2009: Company implements Critical Application software package. For the purposes of this story, it can be an accounting package, inventory, payments package or whatever. Great functionality, ahead of its time. Runs like a champ on Windows XP. Company gets a great uptick in productivity and efficiency. Relations with suppliers and vendors dramatically improves.
2010: Company's "IT person" (it could be a dedicated technologist or just the office manager) finishes the latest patch update to the Critical Application, then announces his resignation. "Boss, everything's up to date. I can now go with a clear conscious."
2011: Company's Finance person upgrades the PC running the Critical Application. The PC came with Windows 7, but he installs Windows XP from his old disk set for compatibility. Later that year, he retires. "Boss, I love it here but it's time for me to move on. Don't worry, I trained my replacement." The replacement, who learned how to run the Critical Application but not how to update it, does her job, thinking to herself, "Gee, I wish they taught me how to update the system and left some documentation, but I guess it's OK because the interface is really easy and it still runs well on Windows XP!"
2012: Company decides to develop a Disaster Recovery/Business Continuity Program! Why? Maybe a customer requested a copy for due diligence. Maybe the Board asked how they were managing risk. Maybe the VP went to a conference. Whatever the reason, they want to do the right thing. So, they hire consultants who produce volumes of spreadsheets, charts, graphs and PowerPoint. The end result is a set of impressive "Code Red" binders and a set of recommendations, among which are:
- Take regular backups of systems, including the Critical Application
- Establish a quick-ship agreement for replacing PC's
- Establish workarounds to address the loss of critical applications
- Audit the backups regularly to make sure they are usable
- Exercise the plan, including exercising under realistic conditions
2013: Critical App Corp is acquired by UberCool, who announces plans to merge the functionality of the old application into their new platform in 2014 and make it available for Windows 8
2014: Microsoft Windows XP support ends Tuesday: Why users need to upgrade -- now
2015: Company experiences a minor emergency situation. Their headquarters is damaged, and some of the office equipment is gone, including the computer that runs the Critical Application. "Quick, the Plan!" They get the binder and start to familiarize themselves with its contents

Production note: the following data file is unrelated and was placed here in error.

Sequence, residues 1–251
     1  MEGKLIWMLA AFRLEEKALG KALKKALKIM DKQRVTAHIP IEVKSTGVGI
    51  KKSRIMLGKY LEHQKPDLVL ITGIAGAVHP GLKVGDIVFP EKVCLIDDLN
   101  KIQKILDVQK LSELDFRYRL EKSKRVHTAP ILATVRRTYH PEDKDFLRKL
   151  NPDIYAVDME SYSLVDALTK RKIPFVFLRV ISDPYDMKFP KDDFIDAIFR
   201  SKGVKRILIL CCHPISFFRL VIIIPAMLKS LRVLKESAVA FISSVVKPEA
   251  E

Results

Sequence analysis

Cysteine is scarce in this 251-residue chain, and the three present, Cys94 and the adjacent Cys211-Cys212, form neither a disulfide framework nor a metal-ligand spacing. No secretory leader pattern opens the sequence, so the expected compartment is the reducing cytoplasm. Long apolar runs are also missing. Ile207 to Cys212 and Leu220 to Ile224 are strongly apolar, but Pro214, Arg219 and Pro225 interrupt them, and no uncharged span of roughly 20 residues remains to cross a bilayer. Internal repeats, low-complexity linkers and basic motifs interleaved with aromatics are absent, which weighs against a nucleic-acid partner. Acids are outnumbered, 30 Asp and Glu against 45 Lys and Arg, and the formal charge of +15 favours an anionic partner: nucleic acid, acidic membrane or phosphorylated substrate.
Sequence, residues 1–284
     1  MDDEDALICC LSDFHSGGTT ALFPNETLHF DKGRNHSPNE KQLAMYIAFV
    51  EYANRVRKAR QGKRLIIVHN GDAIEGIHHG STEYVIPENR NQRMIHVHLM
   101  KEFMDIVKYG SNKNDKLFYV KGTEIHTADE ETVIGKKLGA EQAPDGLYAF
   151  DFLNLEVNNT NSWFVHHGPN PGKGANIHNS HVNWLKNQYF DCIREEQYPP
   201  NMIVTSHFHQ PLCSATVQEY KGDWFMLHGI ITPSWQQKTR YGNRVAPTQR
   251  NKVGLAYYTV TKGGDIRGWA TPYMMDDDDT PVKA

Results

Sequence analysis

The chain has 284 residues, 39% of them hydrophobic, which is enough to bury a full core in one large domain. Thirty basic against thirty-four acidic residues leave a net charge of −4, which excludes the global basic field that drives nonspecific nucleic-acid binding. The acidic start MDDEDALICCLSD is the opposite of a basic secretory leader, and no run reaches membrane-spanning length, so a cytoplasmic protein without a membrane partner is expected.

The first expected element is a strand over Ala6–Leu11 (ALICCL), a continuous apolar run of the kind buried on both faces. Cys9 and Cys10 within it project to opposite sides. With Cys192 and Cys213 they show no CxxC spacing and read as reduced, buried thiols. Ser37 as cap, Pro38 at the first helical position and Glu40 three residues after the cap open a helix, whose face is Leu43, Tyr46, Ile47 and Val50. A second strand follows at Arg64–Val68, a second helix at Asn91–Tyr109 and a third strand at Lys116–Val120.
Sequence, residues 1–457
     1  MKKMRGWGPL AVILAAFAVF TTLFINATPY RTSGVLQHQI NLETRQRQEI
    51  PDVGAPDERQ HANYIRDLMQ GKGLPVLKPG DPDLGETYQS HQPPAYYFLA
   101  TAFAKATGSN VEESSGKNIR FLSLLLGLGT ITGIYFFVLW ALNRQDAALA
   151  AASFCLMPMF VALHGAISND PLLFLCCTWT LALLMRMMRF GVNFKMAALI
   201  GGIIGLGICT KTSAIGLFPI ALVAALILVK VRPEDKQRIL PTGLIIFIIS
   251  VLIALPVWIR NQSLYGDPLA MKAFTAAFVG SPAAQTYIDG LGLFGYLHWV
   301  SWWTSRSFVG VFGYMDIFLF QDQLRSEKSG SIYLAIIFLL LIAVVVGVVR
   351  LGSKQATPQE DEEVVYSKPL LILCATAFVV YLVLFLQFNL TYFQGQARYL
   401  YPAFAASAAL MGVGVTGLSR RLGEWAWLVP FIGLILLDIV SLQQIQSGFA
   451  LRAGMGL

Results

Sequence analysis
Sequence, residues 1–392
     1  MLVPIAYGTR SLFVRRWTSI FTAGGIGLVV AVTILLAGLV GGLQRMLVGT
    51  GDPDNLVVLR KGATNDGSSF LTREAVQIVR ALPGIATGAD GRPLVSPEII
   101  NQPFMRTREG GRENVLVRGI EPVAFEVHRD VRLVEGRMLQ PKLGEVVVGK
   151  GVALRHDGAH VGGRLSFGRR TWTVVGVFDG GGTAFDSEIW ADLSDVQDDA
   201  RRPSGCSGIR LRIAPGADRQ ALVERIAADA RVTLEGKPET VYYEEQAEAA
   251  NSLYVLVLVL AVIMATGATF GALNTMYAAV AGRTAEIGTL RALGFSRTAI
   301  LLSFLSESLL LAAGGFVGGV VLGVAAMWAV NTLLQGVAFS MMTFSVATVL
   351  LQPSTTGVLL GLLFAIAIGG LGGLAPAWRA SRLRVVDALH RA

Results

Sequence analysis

- Day 2: The quick-ship computer arrives one day late. The recovery manager learns for the first time that the backups do not work as expected (remember, they never tested them). They get in touch with the backup Customer Support, who tells them that they will resolve the problem and get a working backup to them within two days
- Day 5: The backups finally arrive - the best the vendor could deliver was two-year-old backups. The recovery manager gets them loaded onto the new PC, after figuring out how Windows 8 works and applying the latest patches. "Error: Critical Application Not Supported by Windows 8, Recovery Aborted". (Remember, Windows XP was phased out, and Company never upgraded or patched the Critical Application) The recovery manager calls the Critical App Corp number in the Disaster Recovery Binder, but the number is out of service
- Day 7: The recovery manager has found an old Windows XP disk set in an old box of supplies. Disk 2 is scratched and unreadable, but Disk 1 runs to completion. "Error: Unsupported Hardware Encountered, Windows XP Cannot Continue"
- Day 8: The recovery manager finally found UberCool's Technical Support Line.
"Sorry, we merged these two products in 2014. We can help you migrate onto the
new UberCool platform, but we cannot guarantee that it will read the file format
from your two-year-old backups"
- Day 12: The complaints from suppliers and customers are piling up. "What do you mean, you still can't process our financials? You said the emergency was minor! You even have a Disaster Recovery Plan - you showed us the binder and everything! Your excuses are starting to wear as thin as our patience!"
- Day 18: The recovery manager is still struggling to work out the project plan for the migration to the new system along with the other recovery activities. UberCool has given them a quote for a custom interface to the old backups - premium rip-off pricing but at least it should work
- Day 24: Company's two largest suppliers have suspended service - "Your so-called emergency is hurting our reputation. We have to get our products out by other means". Company's customers are looking elsewhere - "Sorry but we need what we need. We Googled other companies that offer Suppliers' products. Maybe we'll get back to you".
- Day 31: UberCool informs the recovery manager that the interface will be delayed by one month. The good news is that the delay is not on the critical path for the overall migration, which will take 60 days
- Day 32: The contractual penalties for non-performance kick in. Suppliers and the insurance company reject the argument of Force Majeure - "that only apples to a disaster, not a minor situation and the loss of a couple of computers. Sorry!"
- Day 40: Company is featured in a news article: "Hard to Build, Easy to Lose: Why Brand Matters and Why Protect It"
- Day 60: Company's Board and Audit Committee have met...